jondrytay said...

Judging time. While we wait, Ainsley diplomatically tells us that ‘one might quibble with some of the stylistic choices’ in Scherbachenko’s Mozart. No kidding. She still wins though. I can’t see that Park won’t be in the final, which is bad news for last night’s Ivanova.

David said...

OK, now paste that up in the main bit or some folk might miss it (such fun). 'Fraid I rushed excitedly to add a postscript about our Tatyana to the Lulu stuff.

Just had to share the frisson. Now I'll leave you in peace.

jondrytay said...

David- please don't leave me in peace! I always enjoy your comments.

I won't paste tonight's effusion into the blog just yet though, lest it overkill the thing...

Lauretta said...

What you didn't hear is that Park also sang L'arlesianna - really poor choice. He's a great singer, but almost inaudible in the hall :-(

I am much too professional to put any store by an opera blog, however, so I would ignore this :-)

John Woods said...

Well. I agree with your every word about the South African baritone.

Ji-Min Park turned out to have a far better voice than I'd imagined based on quite a bit of experience of his ROH work, but I'm afraid I really only like the top of it - the rest feels a bit vapid to me, and a little bit insecure. He is great on stage and that came through, but I'm not as keen on the voice as you are.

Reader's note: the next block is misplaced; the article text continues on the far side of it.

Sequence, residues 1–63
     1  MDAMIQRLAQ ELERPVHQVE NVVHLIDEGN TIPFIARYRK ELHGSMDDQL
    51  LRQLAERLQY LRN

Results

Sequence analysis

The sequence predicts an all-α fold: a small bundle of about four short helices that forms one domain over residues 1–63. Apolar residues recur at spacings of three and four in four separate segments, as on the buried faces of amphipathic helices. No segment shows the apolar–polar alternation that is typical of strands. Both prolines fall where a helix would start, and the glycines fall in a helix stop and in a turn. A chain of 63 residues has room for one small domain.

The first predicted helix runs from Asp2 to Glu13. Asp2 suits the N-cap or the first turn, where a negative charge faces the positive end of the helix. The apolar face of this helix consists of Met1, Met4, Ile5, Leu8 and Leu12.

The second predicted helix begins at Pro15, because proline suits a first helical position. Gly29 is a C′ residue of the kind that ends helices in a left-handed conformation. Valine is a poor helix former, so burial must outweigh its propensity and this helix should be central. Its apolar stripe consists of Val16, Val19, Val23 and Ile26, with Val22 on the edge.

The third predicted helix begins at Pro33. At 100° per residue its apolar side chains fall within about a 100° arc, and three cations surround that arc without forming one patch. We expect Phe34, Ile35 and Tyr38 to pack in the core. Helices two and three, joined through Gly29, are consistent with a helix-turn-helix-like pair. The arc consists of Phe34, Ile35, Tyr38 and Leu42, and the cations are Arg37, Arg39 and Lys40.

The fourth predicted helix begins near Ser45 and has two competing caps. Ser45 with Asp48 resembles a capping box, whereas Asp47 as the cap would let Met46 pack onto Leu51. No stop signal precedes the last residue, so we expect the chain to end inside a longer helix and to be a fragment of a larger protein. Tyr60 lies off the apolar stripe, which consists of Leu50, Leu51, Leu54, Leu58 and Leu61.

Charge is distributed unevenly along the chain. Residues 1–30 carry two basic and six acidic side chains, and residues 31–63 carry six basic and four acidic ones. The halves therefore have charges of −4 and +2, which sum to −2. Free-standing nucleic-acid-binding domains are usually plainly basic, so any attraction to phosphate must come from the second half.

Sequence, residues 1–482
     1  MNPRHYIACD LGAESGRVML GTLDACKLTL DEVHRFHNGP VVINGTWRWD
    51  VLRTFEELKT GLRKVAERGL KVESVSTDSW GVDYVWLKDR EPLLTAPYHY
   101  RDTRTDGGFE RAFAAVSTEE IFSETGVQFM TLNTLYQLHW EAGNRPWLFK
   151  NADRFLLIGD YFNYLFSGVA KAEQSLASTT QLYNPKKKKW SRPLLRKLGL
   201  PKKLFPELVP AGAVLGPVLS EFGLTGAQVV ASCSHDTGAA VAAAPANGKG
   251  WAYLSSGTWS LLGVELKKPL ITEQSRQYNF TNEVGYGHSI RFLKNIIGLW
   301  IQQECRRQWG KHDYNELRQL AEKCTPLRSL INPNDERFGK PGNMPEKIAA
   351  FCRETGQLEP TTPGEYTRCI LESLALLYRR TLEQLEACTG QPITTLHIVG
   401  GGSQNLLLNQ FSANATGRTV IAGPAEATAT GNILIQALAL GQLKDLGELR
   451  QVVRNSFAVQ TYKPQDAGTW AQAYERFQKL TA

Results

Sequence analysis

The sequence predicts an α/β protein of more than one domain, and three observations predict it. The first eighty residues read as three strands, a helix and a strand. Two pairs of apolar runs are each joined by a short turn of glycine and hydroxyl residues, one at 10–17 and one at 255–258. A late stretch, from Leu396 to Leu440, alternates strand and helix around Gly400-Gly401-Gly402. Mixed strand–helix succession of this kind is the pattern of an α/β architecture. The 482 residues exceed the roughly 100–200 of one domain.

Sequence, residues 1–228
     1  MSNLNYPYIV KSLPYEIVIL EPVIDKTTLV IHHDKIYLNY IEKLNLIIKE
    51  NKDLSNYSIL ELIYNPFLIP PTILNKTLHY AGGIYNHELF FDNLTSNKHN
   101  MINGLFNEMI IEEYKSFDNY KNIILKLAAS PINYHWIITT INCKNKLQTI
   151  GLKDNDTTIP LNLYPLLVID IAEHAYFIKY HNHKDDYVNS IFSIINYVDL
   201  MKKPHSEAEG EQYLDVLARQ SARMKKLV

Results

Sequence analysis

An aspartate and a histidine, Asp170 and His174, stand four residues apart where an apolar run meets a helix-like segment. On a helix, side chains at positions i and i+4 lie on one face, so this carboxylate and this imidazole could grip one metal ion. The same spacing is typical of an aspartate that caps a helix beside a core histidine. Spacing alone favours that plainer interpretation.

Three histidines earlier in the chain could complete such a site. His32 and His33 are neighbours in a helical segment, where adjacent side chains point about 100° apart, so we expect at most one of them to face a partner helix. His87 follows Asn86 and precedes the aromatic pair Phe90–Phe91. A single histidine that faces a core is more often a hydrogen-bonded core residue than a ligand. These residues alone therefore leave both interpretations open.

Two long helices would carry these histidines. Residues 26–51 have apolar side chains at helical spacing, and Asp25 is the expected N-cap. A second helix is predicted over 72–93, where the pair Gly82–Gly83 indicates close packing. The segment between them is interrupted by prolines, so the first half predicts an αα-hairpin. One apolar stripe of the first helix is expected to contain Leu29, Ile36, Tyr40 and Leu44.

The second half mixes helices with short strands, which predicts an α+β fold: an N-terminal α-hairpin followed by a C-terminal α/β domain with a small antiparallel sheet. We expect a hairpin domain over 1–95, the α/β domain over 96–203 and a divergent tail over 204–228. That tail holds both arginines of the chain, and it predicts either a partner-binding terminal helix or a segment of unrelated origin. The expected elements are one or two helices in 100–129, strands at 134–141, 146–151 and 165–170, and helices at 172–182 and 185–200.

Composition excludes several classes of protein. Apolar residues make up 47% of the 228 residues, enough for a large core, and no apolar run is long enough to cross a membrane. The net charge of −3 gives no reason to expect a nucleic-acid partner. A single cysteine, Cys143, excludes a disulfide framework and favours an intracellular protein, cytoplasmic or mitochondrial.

I was at university with Anna Stephany and it is quite amazing to see how her voice has changed - 10 years ago one could barely hear it across the other side of the room, and it was colourless and dull - none of us ever imagined it had professional potential, let alone Ferrier-winning, Cardiff-entering potential, but here she is. Anyway, I still found her kind of worthy and boring, but have a funny perspective on it because of what has emerged from the unpromising mewling she used to do in chapel choir.

I rather liked the Mexican, I thought there was something kind of lovely about him, with the potential to be a pretty significant Verdi baritone. He is overweighting it from the upper-middle upwards at the moment, hence the trauma on top, but I reckon that if he drives it less he'll be pretty easily sorted. Really liked his platform manner too, even if everybody else thinks he just looked nervous.

I was so pleased the Russian won. I found her Mozart boring, and not particularly technically secure as you noted, but I am pleased everybody pretty much just decided not to mention it following her jaw dropping letter scene. She reminded me a bit of Fleming in a way, except I think this lady has a fuller fundamental instrument. I hope the high c in the Mozart was wirey because of context, rather than because she can't do them any other way - if she can do them in Verdi like she did the B-flat in the Tchaikovsky, and connect with the characters the same way she did with Tatyana, I think she'd turn out to be a really major find.

Completely agree on the laughter in the Don Pasquale the night before, it was horribly arch and stagey, but she made up for it.